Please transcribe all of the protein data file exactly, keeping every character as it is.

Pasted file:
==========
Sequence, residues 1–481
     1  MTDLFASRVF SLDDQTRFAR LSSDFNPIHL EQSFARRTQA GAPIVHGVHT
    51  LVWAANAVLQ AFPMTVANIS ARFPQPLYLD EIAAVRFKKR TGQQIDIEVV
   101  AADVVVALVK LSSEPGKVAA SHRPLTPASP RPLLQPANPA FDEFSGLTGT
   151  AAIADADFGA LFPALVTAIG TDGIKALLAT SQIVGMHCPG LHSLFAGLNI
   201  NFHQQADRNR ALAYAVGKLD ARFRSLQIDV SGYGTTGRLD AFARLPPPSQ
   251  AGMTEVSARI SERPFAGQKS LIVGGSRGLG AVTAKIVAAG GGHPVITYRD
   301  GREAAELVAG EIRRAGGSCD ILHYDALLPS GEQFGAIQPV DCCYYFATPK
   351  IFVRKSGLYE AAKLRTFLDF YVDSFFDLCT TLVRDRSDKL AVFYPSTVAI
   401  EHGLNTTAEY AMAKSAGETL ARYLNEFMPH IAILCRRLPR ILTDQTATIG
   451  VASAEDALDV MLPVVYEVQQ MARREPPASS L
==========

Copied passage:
Sequence, residues 1–481
     1  MTDLFASRVF SLDDQTRFAR LSSDFNPIHL EQSFARRTQA GAPIVHGVHT
    51  LVWAANAVLQ AFPMTVANIS ARFPQPLYLD EIAAVRFKKR TGQQIDIEVV
   101  AADVVVALVK LSSEPGKVAA SHRPLTPASP RPLLQPANPA FDEFSGLTGT
   151  AAIADADFGA LFPALVTAIG TDGIKALLAT SQIVGMHCPG LHSLFAGLNI
   201  NFHQQADRNR ALAYAVGKLD ARFRSLQIDV SGYGTTGRLD AFARLPPPSQ
   251  AGMTEVSARI SERPFAGQKS LIVGGSRGLG AVTAKIVAAG GGHPVITYRD
   301  GREAAELVAG EIRRAGGSCD ILHYDALLPS GEQFGAIQPV DCCYYFATPK
   351  IFVRKSGLYE AAKLRTFLDF YVDSFFDLCT TLVRDRSDKL AVFYPSTVAI
   401  EHGLNTTAEY AMAKSAGETL ARYLNEFMPH IAILCRRLPR ILTDQTATIG
   451  VASAEDALDV MLPVVYEVQQ MARREPPASS L